In standard fashion I begin with cutting out the ship from its background and making plan drawings. It is quite a simple shape compared to other ships, so I was able to hit the right note with the first paper test model.
Photos were sent to Tony Roberts for approval and comment, then straight into the full scale build.
Tony made the observation that the nose section was designed to swing away or slide out to reveal the insides. I've yet to decide what to put in there, but am making it with pistons to slide the bow section out.
Using Photoshop to cut out the background and isolate the ship.
Plan drawings. One of the easier ship shapes to figure out.
Plans printed onto thin card to make a test model.
All the parts required to make the paper card mock-up.
Pretty much got it in one this time.
Markings have been copied onto the model to scale up easily for when it comes to painting the finished ship.
My Photoshop visual of what the finished replica will look like...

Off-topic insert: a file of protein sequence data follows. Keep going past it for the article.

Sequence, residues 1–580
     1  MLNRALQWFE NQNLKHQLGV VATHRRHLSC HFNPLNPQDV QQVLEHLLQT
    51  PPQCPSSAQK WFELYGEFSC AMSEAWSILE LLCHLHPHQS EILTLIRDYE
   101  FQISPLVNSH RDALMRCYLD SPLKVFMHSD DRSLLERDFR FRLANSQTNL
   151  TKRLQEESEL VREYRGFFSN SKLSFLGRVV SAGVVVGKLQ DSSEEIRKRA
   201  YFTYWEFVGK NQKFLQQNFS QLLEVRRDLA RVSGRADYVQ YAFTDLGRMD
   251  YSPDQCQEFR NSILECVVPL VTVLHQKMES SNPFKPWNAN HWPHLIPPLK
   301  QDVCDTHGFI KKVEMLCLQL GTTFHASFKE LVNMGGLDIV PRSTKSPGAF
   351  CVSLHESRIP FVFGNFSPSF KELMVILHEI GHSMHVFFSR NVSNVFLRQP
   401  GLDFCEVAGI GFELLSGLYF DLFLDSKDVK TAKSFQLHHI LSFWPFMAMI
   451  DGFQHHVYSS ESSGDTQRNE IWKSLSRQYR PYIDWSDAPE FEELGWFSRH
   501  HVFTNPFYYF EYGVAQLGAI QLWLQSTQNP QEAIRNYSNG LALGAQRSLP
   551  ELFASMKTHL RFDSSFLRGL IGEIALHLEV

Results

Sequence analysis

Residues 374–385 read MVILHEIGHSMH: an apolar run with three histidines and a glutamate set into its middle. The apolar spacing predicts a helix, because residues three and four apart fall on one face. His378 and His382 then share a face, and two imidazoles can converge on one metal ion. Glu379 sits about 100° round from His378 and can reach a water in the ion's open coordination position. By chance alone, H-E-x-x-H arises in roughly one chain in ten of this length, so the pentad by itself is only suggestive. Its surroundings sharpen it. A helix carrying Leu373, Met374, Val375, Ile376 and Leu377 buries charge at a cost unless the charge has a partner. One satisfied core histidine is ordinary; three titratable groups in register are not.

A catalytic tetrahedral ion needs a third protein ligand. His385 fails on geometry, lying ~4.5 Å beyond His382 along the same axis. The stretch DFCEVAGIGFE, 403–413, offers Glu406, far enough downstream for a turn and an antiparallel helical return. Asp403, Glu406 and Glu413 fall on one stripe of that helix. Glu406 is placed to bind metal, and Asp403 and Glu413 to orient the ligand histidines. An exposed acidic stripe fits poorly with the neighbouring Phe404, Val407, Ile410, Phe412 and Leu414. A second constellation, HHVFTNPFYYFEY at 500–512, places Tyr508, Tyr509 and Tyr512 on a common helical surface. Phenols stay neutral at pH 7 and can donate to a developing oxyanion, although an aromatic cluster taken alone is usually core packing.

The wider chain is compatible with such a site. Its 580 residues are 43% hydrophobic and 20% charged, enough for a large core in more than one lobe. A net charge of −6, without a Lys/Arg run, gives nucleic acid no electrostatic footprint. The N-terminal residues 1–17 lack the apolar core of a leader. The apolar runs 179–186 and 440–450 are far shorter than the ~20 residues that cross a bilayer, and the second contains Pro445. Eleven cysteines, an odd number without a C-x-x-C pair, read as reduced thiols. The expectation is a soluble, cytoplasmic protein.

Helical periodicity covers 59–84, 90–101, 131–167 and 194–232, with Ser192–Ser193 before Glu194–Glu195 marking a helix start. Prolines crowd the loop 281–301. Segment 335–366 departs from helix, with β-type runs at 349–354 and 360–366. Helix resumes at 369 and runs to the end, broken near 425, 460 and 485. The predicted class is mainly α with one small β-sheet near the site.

Following Tony's comment about a detachable nose, this is how I see it working.
ABS tubing to make the side engine tubes, and aluminium pipes to make the pistons to extend the opening nose section.
Engine tubes have small recessed rectangles peppered about the surface, here cut from very thin plastic and laminated to the tubes.
Slotted skin being attached to the side tubes.
Showing framework on underside of the top deck to give it rigidity.
Main side panels have tiny recesses, too small to cut out accurately. Instead I stamped them in with a screwdriver head and hammer.
Rivets reproduced by punching through from reverse side of plastic with a needle file.
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